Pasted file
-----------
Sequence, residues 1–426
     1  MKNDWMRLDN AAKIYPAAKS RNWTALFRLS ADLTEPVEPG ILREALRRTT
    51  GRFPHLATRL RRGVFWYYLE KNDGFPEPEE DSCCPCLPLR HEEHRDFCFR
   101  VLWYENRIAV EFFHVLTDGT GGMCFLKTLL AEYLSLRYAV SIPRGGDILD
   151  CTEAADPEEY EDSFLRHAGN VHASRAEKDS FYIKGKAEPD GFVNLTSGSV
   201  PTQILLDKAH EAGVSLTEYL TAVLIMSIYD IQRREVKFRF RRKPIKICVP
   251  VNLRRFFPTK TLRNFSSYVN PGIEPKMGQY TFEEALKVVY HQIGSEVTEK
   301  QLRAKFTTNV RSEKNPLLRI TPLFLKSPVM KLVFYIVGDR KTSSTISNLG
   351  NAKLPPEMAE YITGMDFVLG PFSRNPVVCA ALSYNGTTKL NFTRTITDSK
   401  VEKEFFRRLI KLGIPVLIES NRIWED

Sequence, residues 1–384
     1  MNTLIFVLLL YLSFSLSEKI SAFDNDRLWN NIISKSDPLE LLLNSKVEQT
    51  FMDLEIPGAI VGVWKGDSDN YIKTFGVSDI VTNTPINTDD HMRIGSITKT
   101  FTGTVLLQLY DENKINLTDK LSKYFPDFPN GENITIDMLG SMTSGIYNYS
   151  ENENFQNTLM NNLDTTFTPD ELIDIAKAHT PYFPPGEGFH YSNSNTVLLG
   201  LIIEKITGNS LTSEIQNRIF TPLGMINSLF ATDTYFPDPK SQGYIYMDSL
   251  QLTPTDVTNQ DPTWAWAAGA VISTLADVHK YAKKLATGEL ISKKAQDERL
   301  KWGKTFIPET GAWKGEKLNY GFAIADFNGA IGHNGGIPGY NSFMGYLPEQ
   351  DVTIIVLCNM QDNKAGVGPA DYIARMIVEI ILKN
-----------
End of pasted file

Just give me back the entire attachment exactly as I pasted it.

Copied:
Sequence, residues 1–426
     1  MKNDWMRLDN AAKIYPAAKS RNWTALFRLS ADLTEPVEPG ILREALRRTT
    51  GRFPHLATRL RRGVFWYYLE KNDGFPEPEE DSCCPCLPLR HEEHRDFCFR
   101  VLWYENRIAV EFFHVLTDGT GGMCFLKTLL AEYLSLRYAV SIPRGGDILD
   151  CTEAADPEEY EDSFLRHAGN VHASRAEKDS FYIKGKAEPD GFVNLTSGSV
   201  PTQILLDKAH EAGVSLTEYL TAVLIMSIYD IQRREVKFRF RRKPIKICVP
   251  VNLRRFFPTK TLRNFSSYVN PGIEPKMGQY TFEEALKVVY HQIGSEVTEK
   301  QLRAKFTTNV RSEKNPLLRI TPLFLKSPVM KLVFYIVGDR KTSSTISNLG
   351  NAKLPPEMAE YITGMDFVLG PFSRNPVVCA ALSYNGTTKL NFTRTITDSK
   401  VEKEFFRRLI KLGIPVLIES NRIWED

Sequence, residues 1–384
     1  MNTLIFVLLL YLSFSLSEKI SAFDNDRLWN NIISKSDPLE LLLNSKVEQT
    51  FMDLEIPGAI VGVWKGDSDN YIKTFGVSDI VTNTPINTDD HMRIGSITKT
   101  FTGTVLLQLY DENKINLTDK LSKYFPDFPN GENITIDMLG SMTSGIYNYS
   151  ENENFQNTLM NNLDTTFTPD ELIDIAKAHT PYFPPGEGFH YSNSNTVLLG
   201  LIIEKITGNS LTSEIQNRIF TPLGMINSLF ATDTYFPDPK SQGYIYMDSL
   251  QLTPTDVTNQ DPTWAWAAGA VISTLADVHK YAKKLATGEL ISKKAQDERL
   301  KWGKTFIPET GAWKGEKLNY GFAIADFNGA IGHNGGIPGY NSFMGYLPEQ
   351  DVTIIVLCNM QDNKAGVGPA DYIARMIVEI ILKN